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  • Widescreen 1.85:1
  • 16:9 Enhanced
  • English: Dolby Digital 5.1 Surround
  • Deleted scenes
  • Teaser trailer
  • Audio commentary
  • 4 Featurette
  • Photo gallery
  • Animated menus
  • Music video
  • Behind the scenes footage
  • Interviews
  • Documentaries
  • Interactive game

Spy Kids 2: The Island of Lost Dreams

Buena Vista/Buena Vista . R4 . COLOR . 96 mins . PG . PAL


Our local video store has one dollar day and a while back I hired a bunch that included Spy Kids. After watching it and enjoying it for what it was, I went to the cinema to see its sequel the very next day. Everyone at work laughed at me when I told them, but to heck with them. It’s pretty much more of the same from our loveable Spy Kids, just with roles reversed from the first instalment. This time Mom and Dad (along with Mom’s parents) have to rescue the kids as they head off to a deserted and hidden island to find the 'Transmooker'. This is an evil weapon with a funny name (was it first used as a title in a Calvin and Hobbes strip?) capable of stopping all electrical equipment in the world. Naturally, there are all types of crafty subplots that lead to one baddie bent on world domination. Just what is it with world domination? They just get crazy with it. I always wondered what would be the point, sure you’d get all the guns and cookies and some evil chicks and stuff, but where’s the love?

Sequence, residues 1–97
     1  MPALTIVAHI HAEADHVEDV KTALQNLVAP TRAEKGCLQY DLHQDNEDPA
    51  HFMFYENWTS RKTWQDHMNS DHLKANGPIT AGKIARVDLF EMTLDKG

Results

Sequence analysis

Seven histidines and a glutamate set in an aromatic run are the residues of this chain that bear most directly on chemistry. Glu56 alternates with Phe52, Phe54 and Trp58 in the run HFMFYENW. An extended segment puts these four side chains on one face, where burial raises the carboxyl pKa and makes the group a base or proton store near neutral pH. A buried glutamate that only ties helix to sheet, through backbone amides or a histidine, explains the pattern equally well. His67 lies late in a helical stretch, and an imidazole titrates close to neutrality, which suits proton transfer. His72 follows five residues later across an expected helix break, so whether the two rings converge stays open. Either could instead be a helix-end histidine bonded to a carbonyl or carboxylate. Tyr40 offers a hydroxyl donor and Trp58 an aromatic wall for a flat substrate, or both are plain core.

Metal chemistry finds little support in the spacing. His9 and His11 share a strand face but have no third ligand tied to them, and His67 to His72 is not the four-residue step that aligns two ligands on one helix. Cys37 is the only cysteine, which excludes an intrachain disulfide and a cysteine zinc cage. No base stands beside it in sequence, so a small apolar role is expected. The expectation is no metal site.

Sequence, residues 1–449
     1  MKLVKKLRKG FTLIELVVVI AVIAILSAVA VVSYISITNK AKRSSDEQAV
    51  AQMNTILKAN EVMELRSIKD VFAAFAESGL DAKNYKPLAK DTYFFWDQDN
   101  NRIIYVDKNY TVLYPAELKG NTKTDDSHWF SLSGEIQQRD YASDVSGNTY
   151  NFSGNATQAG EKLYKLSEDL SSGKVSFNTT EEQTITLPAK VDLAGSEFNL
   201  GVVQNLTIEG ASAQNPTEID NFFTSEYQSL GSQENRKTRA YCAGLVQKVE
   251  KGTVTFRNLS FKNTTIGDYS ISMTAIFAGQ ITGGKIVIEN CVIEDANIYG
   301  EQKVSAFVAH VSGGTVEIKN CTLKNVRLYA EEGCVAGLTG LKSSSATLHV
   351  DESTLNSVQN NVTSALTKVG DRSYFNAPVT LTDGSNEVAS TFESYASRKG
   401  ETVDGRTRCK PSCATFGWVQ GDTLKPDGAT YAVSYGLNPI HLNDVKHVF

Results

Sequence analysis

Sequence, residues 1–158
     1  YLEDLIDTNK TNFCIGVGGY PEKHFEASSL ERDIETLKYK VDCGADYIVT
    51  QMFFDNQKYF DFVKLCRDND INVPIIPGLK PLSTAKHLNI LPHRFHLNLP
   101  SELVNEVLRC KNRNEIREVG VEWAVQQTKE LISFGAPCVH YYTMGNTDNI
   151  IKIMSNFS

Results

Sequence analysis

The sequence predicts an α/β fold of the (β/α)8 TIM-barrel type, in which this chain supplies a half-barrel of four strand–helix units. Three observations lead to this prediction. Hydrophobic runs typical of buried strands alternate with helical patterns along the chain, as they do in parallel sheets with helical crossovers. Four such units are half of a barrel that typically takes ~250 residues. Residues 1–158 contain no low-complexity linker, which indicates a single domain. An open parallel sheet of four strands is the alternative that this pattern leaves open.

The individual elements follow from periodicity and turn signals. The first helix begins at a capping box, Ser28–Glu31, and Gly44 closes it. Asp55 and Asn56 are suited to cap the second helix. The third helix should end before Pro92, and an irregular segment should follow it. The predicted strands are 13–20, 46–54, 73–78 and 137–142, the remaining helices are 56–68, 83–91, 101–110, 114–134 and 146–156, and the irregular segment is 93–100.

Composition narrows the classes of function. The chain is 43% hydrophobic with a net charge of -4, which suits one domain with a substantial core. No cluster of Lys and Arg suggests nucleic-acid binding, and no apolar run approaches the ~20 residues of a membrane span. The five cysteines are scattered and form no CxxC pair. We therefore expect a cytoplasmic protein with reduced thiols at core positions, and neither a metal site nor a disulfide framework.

"Why are you still hiding? We’re kids, not monsters! "

All that aside, this one’s bound to find the same level of popularity the first one did and the next one will. I hear Sylvester Stallone will be the baddie: “Errr..yo, uhhh Spy Kids uhhh… Adrian… I am the law… uhhh (and so on).

Sorry about that...


The 16:9 transfer is presented in 1.85:1 aspect ratio which is just how it looked in the cinema. Again, some of the lamer animation is highlighted a little too often by crystal clear vision and we get to see a little green screen residue at times, which shouldn’t really be happening in this day and age. Shadows and darker scenes are still well lit and back lit to provide no loss of detail and black levels still manage to be black for the most part. Occasionally we’ll see a deeper grey shadow, but it’s nothing to be scared of.

I detected minimal aliasing as well and very few, if any, film artefacts. All of this adds up to make a pretty good transfer, even if it does throw back the veil a little on the SPFX. But - and there’s always a ‘but’ - the film does suffer from a particularly brutal layer change at 1:25:05. It’s very clunky indeed and a bit disappointing for Buena Vista who are usually so clever with this sort of thing. Oh well.


The sound comes through without a hitch. Presented in Dolby Digital 5.1 surround there is nothing left to the imagination. All music and dialogue come through at the perfect level, with no clutter or confusion as to what’s going on. The worst part about the sound is the director’s use of stock sound effects. On the Island of Lost Dreams, there are a bunch of weird animals and stuff, and whilst being unique to the island, they do manage to sound just like all those animals that live in zoos in our neck of the woods. Some of the modelling in this part is a bit dodge too, but bear with it. It’s a film made on a self-confessed shoestring budget and looks better than most low-budget spectaculars I’ve witnessed.